OAKLAND RAIDERS

How the Raiders have done in the draft since 2006:

Total picks: 23

2008 starters: 7

2008 backups: 6

Other teams: 4

Out of NFL: 1

Injured reserve/PUP: 5

In a nutshell: The Raiders' future largely depends on quarterback JaMarcus Russell, No. 1 overall in 2007, and Darren McFadden, No. 4 overall in 2008. Russell showed promise in the last quarter of his second season; McFadden's rookie year was a disappointment due to injury.

The emergence of tackle Mario Henderson and Johnnie Lee Higgins late last season (both were third-rounders in 2007), plus the promise of Michael Bush (fourth rounder in 2007) brightens the Raiders' outlook.

Thomas Howard, second-round pick in 2006, could be the only contributor in that class.

Best pick: RB Michael Bush, 2007 (4th round, 100th overall): Because of a broken leg in his final college season, a first-round value was available at No. 100. Now healthy, Bush gives the Raiders a power back to go along with McFadden for a promising 1-2 punch.

Worst pick: S Michael Huff, 2006 (1st round, 7th overall): Too small for an in-the-box strong safety, Huff was supposed to blossom at free safety in his third year. Instead, he missed tackles, rarely made plays and eventually lost his job to Hiram Eugene, a street free agent. Huff is no lock to make the 53-man roster in 2009.

SAN DIEGO CHARGERS

How the Chargers have done in the draft since 2006:

Total picks: 20

2008 starters: 6

2008 backups: 3

Other teams: 1

Out of NFL: 8

Injured reserve/PUP: 2

In a nutshell: The Chargers' last three drafts are a mixed bag, with most of the success coming from their 2006 haul.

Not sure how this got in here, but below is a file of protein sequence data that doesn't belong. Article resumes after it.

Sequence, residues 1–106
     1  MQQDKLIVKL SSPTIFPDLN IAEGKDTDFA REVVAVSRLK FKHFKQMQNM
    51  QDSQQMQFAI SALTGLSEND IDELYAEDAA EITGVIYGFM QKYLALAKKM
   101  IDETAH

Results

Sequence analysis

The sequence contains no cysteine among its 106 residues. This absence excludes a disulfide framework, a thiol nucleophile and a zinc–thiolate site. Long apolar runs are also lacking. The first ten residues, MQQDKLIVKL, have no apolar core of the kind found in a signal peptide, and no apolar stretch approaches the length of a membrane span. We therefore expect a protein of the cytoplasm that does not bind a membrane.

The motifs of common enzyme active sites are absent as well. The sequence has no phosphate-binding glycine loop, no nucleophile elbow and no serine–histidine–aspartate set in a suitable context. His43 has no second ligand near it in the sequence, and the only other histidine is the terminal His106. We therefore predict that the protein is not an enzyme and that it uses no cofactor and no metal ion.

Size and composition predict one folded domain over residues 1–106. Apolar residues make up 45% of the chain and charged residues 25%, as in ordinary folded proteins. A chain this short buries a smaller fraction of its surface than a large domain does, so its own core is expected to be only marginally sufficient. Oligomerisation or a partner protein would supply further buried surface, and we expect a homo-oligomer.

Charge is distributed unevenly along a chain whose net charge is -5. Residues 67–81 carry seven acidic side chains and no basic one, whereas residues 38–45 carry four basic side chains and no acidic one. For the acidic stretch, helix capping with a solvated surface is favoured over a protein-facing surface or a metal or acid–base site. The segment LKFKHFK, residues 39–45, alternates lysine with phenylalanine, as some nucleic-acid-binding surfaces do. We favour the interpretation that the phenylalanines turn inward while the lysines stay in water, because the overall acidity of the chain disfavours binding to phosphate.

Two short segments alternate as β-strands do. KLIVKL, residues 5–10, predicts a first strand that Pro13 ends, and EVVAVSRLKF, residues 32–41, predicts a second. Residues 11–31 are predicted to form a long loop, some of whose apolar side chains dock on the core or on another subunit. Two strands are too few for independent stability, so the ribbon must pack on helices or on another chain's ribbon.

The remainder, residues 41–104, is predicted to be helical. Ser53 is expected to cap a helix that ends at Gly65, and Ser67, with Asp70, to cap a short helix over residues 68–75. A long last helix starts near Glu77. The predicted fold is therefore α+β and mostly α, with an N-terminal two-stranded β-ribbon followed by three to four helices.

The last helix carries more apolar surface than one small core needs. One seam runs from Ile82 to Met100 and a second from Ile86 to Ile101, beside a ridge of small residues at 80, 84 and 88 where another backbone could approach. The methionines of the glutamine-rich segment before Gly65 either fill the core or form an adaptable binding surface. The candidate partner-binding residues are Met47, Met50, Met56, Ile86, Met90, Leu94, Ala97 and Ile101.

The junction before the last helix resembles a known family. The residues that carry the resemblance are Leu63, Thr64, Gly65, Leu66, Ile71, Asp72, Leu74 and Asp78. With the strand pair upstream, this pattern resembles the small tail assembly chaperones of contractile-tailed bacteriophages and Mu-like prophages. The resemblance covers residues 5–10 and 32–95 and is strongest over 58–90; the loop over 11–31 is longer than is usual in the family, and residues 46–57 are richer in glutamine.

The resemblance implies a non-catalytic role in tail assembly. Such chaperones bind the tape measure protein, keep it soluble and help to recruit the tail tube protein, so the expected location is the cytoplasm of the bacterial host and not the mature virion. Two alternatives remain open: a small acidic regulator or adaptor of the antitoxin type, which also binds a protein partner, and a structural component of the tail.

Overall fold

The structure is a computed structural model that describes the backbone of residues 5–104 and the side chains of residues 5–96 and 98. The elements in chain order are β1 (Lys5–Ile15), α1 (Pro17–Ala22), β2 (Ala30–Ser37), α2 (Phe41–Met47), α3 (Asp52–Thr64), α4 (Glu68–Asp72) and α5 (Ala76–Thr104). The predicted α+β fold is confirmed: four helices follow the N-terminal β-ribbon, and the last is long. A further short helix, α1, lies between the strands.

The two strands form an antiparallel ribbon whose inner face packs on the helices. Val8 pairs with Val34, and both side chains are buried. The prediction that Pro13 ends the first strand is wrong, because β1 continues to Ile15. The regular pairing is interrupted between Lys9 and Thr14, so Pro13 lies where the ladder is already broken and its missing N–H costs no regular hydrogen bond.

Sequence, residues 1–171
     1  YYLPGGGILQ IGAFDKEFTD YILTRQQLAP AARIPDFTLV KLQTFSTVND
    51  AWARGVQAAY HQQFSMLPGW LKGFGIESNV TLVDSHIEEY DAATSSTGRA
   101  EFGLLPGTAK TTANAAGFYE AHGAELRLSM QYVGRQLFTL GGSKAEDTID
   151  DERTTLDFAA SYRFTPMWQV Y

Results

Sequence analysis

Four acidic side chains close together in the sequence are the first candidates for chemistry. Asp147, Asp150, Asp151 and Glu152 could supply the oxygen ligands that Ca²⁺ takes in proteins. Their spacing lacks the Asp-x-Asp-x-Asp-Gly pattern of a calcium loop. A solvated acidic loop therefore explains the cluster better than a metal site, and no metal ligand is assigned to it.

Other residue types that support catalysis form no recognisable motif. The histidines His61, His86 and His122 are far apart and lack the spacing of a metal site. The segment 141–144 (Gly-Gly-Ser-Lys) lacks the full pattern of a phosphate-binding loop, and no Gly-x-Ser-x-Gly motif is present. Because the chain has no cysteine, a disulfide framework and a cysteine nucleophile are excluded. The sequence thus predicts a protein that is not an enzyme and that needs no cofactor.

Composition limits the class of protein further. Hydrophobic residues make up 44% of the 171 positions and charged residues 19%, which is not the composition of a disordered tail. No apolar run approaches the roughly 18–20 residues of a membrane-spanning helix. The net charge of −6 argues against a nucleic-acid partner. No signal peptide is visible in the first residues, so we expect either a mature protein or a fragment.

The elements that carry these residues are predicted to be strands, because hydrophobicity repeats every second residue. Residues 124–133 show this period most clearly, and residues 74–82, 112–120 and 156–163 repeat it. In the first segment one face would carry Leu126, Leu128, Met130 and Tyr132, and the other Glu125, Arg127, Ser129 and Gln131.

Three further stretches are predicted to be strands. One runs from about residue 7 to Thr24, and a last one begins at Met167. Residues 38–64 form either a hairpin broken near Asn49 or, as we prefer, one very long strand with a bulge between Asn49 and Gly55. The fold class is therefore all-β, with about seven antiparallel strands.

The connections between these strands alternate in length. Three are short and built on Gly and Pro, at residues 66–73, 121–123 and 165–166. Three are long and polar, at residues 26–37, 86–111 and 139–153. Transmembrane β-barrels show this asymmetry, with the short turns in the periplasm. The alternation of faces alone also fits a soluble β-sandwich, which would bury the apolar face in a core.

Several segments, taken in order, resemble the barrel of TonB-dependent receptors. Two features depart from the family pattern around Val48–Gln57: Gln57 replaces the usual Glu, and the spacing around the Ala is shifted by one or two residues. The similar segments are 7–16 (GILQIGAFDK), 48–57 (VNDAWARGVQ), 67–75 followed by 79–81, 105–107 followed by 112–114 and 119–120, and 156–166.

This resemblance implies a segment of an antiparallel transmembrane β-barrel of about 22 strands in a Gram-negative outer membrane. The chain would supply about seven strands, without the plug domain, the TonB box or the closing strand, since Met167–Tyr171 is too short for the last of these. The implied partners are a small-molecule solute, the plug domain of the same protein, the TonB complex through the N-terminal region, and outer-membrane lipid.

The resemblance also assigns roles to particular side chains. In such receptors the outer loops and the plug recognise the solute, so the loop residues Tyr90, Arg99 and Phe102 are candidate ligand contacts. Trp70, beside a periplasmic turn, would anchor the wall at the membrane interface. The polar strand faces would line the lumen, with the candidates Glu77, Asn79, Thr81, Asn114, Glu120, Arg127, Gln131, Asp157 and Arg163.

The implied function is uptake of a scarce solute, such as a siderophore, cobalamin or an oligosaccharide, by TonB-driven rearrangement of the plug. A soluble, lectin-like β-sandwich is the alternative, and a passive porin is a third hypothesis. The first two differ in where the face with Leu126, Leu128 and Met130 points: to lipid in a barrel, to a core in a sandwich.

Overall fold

It was that spring the Chargers snagged five of the six starters they've accumulated over that span.

But the last two exercises haven't been as keen. In 2007, the Chargers went with WR Craig Davis and he wasn't much his rookie year and then hurt most of his second. The Chargers did get a starting safety in Eric Weddle, but they had to surrender four draft picks to do it.

Last year's draft brought in nickel back Antoine Cason and RB/FB Jacob Hester. While the team is pleased with Cason, the price paid for Hester — two picks, including a second-rounder this year — seems a bit steep.

Best pick: LT Marcus McNeill, 2006 (2nd round, 50th overall): Philip Rivers doesn't become one of the most productive quarterbacks in the league without McNeill, a two-time Pro Bowler, protecting his blind side.

Worst pick: WR Craig Davis, 2007 (1st round, 30th overall): The knock on Davis coming out of LSU was that he had trouble staying on the field. Even when he does play, the Chargers aren't pleased with his inconsistency. He ended last season on injured reserve.


SEE THE NFC

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Hot Topic: Who should the Patriots Take?

 

Bill Huber is publisher of Packer Report magazine and PackerReport.com and has written for Packer Report since 1997. Material from The Sports Xchange was used in this report.